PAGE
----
Just don't know what to think!
    Originally posted by Amosh
    And that in a nutshell, is it. Having evidence from 20 years ago that certain administrative steps were taken in respect of the conversion offers only limited assurance that it won't fall down 2 decades later, given all of the things which could have potentially happened in the intervening period. But the fact that it hasn't fallen down in that time offers a fair indication that it's unlikely to spontaneously collapse now.

    The only way to get a more accurate view would be to pay for a full structural survey, but again, that will only indicate what has happened, or what's likely to happen as a result of the conversion - but it can't guarantee that it won't cause any problems down the line.

    So ultimately, you simply have to take a view. Your money, your choice. Heads you do, tails you don't, if you must. (other decision making devices are available, such as phone a friend or ask the audience).

    The only thing to be aware of is that unless you provide indemnity insurance or apply for inspection for building regularisation when you're selling it, your buyer will have to go through exactly the same though process, which could cause those of a more nervous disposition to get cold feet....
    • Amosh
    • By Amosh 12th Oct 18, 6:36 PM
    • 7 Posts
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    Amosh
    • #9
    • 12th Oct 18, 6:36 PM
    • #9
    • 12th Oct 18, 6:36 PM
    And that in a nutshell, is it. Having evidence from 20 years ago that certain administrative steps were taken in respect of the conversion offers only limited assurance that it won't fall down 2 decades later, given all of the things which could have potentially happened in the intervening period. But the fact that it hasn't fallen down in that time offers a fair indication that it's unlikely to spontaneously collapse now.

    The only way to get a more accurate view would be to pay for a full structural survey, but again, that will only indicate what has happened, or what's likely to happen as a result of the conversion - but it can't guarantee that it won't cause any problems down the line.

    So ultimately, you simply have to take a view. Your money, your choice. Heads you do, tails you don't, if you must. (other decision making devices are available, such as phone a friend or ask the audience).

    The only thing to be aware of is that unless you provide indemnity insurance or apply for inspection for building regularisation when you're selling it, your buyer will have to go through exactly the same though process, which could cause those of a more nervous disposition to get cold feet....
    Originally posted by ReadingTim

    Thank you very much for that, been quite reassuring, but seems like we have a nice weekend of decision making. If only there was a 50:50 lifeline to remove one of the options
    • Doozergirl
    • By Doozergirl 12th Oct 18, 8:14 PM
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    Doozergirl
    This isn't a loft conversion, it's the insertion of window in the roof.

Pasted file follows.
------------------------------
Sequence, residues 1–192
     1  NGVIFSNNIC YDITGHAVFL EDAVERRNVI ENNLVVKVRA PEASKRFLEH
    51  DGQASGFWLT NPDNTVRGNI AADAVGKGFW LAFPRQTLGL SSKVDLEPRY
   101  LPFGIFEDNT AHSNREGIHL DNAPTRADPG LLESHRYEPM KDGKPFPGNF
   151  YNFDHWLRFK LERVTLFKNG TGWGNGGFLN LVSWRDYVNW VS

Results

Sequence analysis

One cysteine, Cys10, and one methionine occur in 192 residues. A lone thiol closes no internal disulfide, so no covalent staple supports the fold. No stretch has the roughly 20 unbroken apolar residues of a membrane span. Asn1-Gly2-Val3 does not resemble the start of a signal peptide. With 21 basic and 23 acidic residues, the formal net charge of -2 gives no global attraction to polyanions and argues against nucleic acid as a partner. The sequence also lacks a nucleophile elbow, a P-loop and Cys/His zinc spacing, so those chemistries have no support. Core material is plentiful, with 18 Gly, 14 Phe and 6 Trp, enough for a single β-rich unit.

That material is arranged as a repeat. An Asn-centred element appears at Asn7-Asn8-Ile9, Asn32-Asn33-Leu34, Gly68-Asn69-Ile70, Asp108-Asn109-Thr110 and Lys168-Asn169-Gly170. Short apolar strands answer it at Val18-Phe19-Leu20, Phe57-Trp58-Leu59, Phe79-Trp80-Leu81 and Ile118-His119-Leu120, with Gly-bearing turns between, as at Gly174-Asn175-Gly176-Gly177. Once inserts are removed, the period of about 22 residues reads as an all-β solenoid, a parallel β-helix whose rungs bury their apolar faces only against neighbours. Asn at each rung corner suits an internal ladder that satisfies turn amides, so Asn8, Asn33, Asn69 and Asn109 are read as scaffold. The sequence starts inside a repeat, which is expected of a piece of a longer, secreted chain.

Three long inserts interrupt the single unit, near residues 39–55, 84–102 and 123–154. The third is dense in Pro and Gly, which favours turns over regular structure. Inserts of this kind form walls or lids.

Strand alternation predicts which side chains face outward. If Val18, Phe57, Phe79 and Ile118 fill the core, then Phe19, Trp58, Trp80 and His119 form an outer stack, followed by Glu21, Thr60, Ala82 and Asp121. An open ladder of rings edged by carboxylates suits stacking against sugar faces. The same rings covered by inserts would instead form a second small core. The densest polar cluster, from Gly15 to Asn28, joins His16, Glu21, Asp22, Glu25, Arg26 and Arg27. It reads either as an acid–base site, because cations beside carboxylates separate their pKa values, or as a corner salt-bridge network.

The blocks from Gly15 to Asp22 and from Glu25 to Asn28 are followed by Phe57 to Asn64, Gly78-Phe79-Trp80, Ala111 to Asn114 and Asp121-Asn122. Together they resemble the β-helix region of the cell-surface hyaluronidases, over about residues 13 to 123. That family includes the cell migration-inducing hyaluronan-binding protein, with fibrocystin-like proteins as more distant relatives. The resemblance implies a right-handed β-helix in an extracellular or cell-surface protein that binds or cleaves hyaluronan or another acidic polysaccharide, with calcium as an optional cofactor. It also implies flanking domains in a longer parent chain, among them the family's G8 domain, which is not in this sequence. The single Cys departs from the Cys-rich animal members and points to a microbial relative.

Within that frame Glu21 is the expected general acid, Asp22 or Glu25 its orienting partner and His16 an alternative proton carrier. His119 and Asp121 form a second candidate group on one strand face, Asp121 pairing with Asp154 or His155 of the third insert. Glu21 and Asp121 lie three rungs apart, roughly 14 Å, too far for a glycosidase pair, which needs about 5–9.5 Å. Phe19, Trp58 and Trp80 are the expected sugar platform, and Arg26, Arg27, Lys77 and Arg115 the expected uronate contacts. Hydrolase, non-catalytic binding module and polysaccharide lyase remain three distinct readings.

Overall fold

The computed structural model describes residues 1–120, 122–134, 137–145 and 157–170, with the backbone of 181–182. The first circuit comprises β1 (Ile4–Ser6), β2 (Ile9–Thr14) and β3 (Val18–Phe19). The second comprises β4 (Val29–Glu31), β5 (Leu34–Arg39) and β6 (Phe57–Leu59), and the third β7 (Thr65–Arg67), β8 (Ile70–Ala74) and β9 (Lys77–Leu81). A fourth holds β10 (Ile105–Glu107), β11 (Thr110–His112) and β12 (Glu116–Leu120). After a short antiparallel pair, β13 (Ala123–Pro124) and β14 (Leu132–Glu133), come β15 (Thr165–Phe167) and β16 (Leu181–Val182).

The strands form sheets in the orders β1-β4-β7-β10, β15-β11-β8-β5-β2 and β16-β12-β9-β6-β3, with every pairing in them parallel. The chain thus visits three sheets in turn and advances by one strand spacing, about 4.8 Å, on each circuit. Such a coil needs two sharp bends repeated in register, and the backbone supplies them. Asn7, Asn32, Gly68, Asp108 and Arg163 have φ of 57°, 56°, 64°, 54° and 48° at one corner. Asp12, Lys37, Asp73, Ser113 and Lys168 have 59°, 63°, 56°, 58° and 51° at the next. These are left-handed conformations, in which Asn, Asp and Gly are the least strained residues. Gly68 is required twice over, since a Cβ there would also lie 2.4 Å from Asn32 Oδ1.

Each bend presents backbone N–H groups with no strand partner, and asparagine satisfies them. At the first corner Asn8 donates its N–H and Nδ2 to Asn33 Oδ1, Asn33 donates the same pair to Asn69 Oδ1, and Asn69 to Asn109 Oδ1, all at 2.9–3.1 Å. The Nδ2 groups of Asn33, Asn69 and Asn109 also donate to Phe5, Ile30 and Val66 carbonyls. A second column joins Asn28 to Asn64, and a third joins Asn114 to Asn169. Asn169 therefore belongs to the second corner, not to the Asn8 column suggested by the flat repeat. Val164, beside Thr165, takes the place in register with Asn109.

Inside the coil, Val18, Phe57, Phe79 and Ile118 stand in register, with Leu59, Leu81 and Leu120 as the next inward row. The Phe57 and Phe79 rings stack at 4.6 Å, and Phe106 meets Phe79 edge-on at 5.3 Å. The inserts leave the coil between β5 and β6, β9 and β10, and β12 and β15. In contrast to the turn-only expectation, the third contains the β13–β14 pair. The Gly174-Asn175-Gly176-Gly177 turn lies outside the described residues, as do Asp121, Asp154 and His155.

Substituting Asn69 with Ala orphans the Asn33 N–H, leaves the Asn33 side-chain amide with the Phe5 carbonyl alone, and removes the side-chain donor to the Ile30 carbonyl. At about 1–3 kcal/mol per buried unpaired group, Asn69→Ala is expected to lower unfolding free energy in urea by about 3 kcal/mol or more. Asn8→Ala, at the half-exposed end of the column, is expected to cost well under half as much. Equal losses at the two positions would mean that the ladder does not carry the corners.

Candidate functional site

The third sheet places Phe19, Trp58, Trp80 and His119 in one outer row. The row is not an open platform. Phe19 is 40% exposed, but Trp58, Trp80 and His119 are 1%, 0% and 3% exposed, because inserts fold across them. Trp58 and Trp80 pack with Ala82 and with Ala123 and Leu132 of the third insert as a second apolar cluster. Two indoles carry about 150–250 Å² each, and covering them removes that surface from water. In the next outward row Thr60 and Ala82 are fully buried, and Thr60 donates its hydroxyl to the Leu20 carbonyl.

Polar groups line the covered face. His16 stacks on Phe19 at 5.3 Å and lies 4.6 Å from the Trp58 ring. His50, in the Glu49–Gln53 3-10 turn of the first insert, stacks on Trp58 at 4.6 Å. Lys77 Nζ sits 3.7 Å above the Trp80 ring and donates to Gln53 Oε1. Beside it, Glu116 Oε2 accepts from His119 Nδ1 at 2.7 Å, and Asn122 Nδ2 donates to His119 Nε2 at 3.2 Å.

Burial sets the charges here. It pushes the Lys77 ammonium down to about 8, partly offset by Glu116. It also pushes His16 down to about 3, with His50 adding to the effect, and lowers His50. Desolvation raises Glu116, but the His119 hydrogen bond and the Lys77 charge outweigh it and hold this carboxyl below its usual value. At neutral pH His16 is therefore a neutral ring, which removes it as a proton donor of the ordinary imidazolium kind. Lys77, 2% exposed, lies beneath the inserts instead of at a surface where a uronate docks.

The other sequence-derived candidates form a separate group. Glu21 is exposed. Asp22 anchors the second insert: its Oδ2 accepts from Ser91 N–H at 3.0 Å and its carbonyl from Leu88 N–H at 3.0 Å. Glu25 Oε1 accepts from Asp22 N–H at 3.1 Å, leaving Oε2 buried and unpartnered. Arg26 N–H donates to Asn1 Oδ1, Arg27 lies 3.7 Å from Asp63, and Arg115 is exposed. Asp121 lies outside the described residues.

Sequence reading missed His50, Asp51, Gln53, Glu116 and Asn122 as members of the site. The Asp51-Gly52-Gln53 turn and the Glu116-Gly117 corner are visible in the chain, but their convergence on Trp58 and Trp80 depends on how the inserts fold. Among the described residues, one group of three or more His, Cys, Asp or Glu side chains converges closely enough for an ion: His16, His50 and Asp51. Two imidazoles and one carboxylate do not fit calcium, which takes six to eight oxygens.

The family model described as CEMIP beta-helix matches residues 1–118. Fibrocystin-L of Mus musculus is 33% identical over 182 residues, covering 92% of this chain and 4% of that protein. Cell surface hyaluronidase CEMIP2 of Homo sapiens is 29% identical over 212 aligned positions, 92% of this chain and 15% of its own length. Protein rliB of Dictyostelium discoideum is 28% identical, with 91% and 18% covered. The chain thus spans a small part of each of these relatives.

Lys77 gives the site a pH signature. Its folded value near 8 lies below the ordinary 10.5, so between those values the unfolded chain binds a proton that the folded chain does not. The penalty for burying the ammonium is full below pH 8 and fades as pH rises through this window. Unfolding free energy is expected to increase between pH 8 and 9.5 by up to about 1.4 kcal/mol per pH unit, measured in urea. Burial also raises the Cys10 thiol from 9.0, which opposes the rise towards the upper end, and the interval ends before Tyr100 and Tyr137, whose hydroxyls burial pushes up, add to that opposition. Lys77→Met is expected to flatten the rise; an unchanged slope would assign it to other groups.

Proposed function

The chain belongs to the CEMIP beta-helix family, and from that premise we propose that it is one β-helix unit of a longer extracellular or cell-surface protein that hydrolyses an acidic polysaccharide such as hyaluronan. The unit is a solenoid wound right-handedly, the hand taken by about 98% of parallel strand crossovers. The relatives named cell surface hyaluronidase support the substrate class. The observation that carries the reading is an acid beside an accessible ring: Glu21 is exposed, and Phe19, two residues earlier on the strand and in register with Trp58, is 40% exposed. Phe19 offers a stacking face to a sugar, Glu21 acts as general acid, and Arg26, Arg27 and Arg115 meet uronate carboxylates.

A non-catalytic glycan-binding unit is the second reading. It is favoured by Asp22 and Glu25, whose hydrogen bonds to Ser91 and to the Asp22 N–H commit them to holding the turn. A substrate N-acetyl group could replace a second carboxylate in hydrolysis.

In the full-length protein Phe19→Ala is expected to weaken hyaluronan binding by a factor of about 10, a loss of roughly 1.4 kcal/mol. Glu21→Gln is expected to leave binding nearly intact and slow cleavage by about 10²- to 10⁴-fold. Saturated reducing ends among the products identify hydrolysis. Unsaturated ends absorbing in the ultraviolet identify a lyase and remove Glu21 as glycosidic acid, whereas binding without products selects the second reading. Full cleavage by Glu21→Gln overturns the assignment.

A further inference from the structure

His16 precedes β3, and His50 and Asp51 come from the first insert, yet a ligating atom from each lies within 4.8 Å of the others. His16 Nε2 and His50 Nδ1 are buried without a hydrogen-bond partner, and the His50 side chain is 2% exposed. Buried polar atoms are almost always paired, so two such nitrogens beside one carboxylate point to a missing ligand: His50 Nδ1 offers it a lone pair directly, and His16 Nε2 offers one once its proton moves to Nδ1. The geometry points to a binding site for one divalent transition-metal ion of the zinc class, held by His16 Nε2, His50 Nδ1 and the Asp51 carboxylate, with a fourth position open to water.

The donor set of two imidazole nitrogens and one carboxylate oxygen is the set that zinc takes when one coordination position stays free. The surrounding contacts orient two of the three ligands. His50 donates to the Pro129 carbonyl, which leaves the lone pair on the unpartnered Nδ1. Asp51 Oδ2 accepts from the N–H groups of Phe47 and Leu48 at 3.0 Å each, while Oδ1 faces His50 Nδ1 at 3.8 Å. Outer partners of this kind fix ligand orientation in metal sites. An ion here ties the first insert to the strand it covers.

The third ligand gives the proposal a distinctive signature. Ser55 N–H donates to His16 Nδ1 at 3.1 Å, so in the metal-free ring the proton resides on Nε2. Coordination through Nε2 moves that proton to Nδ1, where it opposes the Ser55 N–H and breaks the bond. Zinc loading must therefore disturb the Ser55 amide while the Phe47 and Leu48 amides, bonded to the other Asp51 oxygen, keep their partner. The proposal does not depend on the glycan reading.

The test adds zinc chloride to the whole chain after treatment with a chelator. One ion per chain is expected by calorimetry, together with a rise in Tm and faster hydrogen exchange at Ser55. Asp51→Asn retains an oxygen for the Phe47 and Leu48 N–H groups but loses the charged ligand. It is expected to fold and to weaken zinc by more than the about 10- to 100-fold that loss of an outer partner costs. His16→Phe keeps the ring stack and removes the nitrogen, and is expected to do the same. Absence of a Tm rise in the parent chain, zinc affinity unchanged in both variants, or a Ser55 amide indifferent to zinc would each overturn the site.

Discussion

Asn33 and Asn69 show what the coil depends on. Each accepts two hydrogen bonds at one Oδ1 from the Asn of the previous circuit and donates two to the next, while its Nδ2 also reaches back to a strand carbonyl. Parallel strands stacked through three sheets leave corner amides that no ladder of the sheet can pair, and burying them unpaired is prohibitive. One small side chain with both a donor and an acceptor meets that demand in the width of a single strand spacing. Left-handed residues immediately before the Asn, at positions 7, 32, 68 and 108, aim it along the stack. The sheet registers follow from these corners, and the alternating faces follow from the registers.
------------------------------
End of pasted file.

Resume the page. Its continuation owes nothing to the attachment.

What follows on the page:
There is a point about whether a purlin has been cut through, but after 20 years I'd fully expect to see a sagging to the roof if that were the case.

    Even when lofts are boarded, the purlins are usually visible, especially if there is no insulation.

    If concerned, then it's a quick look over by a structural engineer. If one has a decent survey then I'd expect them to spot roof sag.
    Everything that is supposed to be in heaven is already here on earth.
    • ReadingTim
    • By ReadingTim 12th Oct 18, 8:21 PM
    • 3,007 Posts
    • 4,457 Thanks
    ReadingTim
    Thank you very much for that, been quite reassuring, but seems like we have a nice weekend of decision making. If only there was a 50:50 lifeline to remove one of the options
    Originally posted by Amosh
    what, like a coin (heads or tails), a pack of cards (red or black) or a dice (odds, evens). Grow a pair and chose yes or no - it's really not that hard.
    • Amosh
    • By Amosh 12th Oct 18, 9:30 PM
    • 7 Posts
    • 0 Thanks
    Amosh
    This isn't a loft conversion, it's the insertion of window in the roof.

    There is a point about whether a purlin has been cut through, but after 20 years I'd fully expect to see a sagging to the roof if that were the case.

    Even when lofts are boarded, the purlins are usually visible, especially if there is no insulation.

    If concerned, then it's a quick look over by a structural engineer. If one has a decent survey then I'd expect them to spot roof sag.
    Originally posted by Doozergirl

    Thank you for your thoughts and advice. I would agree that it's only the installation of the window that is the issue really, but I think the confusion about being a conversion comes in as it has been boarded and seems to be plastered along with having power sockets put up there, so I suppose it's like a half conversion really.

    I think we are leaning towards the other points you highlighted though, the roof doesn't appear to be sagging and there was no mention of it in the survey, which after 20+ years I'd probably say wouldn't pose an issue, although we may entertain a survey in future if it comes to selling, but we'll cross that bridge when we get there.

    Cheers again for the help!
    • Amosh
    • By Amosh 12th Oct 18, 9:32 PM
    • 7 Posts
    • 0 Thanks
    Amosh
    what, like a coin (heads or tails), a pack of cards (red or black) or a dice (odds, evens). Grow a pair and chose yes or no - it's really not that hard.
    Originally posted by ReadingTim
    I was just keeping up with your 'Who Wants To Be A Millionaire' references, but thank you for the condescension.

    Anyway thank you for your previous comments.